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Riess completes 10-year journey from basement to World Champion6 November 2013
"He loved numbers and math, and this was kind of the perfect storm for him," said Riess's father, Frank Riess, who used to call Ryan "Champ" when he was younger.
Ten years later, Riess won the same tournament, claiming an $8.36 million first-place prize and the title World Champion.
"I've been dreaming about this for a long time, ever since I was 14," said Riess, sitting at the poker table next to bundles upon bundles of cash and the WSOP Main Event bracelet, itself worth a cool $500,000. "I never would have thought this would happen years and years ago, especially this soon and this early in my life."
But over the last 10 years, Riess has put in quite a bit of time at the poker tables, picking up how others played the game, and how he could take advantage of others' mistakes. While attending Michigan State, he got an internship to work on a marketing plan for a poker room in East Lansing, then started working as a dealer.
"He started studying how people played," said Frank. "He's very intelligent and very analytical and he just figured out how to do it."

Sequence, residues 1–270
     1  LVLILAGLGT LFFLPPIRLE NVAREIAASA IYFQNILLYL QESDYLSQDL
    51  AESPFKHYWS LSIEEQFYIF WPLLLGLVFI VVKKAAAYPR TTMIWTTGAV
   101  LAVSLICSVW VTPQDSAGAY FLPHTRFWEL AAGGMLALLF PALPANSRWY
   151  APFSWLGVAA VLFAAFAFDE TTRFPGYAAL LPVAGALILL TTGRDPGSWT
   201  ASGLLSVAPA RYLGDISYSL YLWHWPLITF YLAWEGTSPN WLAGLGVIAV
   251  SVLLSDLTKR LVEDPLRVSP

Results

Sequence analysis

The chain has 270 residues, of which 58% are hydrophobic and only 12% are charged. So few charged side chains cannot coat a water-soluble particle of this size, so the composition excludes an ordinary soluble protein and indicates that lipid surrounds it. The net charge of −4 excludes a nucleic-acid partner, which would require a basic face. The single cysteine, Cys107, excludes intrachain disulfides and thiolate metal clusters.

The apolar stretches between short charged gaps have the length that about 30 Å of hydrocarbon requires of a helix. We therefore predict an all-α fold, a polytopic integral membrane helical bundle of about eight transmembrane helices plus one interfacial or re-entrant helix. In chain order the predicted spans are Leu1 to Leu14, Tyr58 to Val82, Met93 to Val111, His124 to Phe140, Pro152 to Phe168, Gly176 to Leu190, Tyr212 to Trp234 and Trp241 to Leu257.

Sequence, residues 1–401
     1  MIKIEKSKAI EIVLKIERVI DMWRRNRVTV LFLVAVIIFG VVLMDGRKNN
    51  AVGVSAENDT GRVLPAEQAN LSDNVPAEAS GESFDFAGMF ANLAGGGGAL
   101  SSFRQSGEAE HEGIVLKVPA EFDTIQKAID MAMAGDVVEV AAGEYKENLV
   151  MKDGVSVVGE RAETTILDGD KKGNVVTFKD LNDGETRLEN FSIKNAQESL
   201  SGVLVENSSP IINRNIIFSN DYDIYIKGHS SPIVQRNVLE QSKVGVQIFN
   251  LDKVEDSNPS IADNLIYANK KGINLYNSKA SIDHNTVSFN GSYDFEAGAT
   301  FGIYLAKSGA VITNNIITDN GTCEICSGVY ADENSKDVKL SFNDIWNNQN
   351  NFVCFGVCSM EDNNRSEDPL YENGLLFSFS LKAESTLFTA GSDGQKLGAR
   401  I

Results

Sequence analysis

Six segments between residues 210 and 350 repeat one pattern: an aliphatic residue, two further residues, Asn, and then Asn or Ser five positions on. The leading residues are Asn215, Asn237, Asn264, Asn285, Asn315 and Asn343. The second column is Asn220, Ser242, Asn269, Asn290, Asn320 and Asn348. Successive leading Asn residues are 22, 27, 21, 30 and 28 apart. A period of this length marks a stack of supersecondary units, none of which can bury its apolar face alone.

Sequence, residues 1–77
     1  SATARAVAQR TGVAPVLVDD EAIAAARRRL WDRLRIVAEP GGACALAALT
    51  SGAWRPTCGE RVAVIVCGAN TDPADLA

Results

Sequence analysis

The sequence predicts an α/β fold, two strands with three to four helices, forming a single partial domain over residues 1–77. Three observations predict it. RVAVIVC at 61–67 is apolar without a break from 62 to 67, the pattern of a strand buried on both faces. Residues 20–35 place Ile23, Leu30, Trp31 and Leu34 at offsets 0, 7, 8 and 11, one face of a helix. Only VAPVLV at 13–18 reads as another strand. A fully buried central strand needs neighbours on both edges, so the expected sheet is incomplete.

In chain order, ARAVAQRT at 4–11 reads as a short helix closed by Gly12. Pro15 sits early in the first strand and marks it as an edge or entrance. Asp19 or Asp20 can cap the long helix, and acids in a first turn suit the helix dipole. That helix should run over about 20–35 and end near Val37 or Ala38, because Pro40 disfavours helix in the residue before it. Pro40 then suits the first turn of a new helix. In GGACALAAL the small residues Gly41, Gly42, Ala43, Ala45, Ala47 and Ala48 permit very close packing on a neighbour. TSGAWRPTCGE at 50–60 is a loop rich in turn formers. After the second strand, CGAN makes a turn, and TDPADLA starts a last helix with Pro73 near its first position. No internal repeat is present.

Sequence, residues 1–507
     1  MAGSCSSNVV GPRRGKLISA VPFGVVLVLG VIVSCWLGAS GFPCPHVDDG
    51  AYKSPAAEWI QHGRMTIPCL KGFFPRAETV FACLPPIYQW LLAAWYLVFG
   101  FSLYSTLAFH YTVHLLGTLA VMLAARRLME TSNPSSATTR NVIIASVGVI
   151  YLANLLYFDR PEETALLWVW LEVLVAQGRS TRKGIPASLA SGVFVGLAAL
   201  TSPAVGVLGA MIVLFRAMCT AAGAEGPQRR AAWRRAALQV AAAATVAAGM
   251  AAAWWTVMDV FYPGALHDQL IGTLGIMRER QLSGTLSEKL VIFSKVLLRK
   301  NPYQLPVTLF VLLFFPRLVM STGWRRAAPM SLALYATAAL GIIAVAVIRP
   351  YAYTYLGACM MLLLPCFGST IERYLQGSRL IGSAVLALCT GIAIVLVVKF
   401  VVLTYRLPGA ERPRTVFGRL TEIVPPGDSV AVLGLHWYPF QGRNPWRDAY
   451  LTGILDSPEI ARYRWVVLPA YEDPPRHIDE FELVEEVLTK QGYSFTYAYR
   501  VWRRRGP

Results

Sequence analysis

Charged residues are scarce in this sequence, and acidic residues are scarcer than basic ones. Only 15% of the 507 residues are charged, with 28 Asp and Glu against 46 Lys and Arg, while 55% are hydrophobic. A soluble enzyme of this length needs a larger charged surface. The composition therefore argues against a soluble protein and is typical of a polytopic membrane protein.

Then, last year, Riess jumped into a World Series of Poker Circuit event in Hammond, Indiana. He officially finished second, but according to multiple reports, Riess and the winner, Josh Williams, chopped the top two prizes to net more than $300,000 each.
Frank didn't even know that Ryan had gone to play in the Circuit event, let alone that he was in contention.
"He called me in the middle of the night and said, 'Dad, I'm in this tournament and I'm going to win it,'" recalled Frank.
Riess showed similar confidence in the run-up to the final table, saying on several occasions that he was going to win the Main Event. But that didn't stop him from being emotional when he finally did claim the title after more than three hours of heads-up play against the second-place finisher, Jay Farber.
On the final hand of the night, Riess needed to dodge just three outs to claim the title. He crouched down on the floor on the stage of the Penn & Teller Theater at the Rio All-Suite Hotel & Casino, near dozens of friends and family members who had traveled out to Las Vegas to see this moment. When the river card came out, he fell to the ground and was mobbed by his supporters, and rose with tears in his eyes, the enormity of the moment just beginning to sink in.
It's been quite a year for Riess, who has no tracked tournament cashes in The Hendon Mob data prior to his second-place showing at the WSOP Circuit stop in Hammond. Since then, he's cashed in 21 tournaments and won the biggest event on the poker calendar.
"(After Hammond), my immediate goal was to continue to get better and play in the Main Event," said Riess.
Not only did he play, he won the whole damn thing. Mission accomplished, Ryan. Or should we say, "Champ"?
Riess completes 10-year journey from basement to World Champion is republished from CasinoVendors.com.
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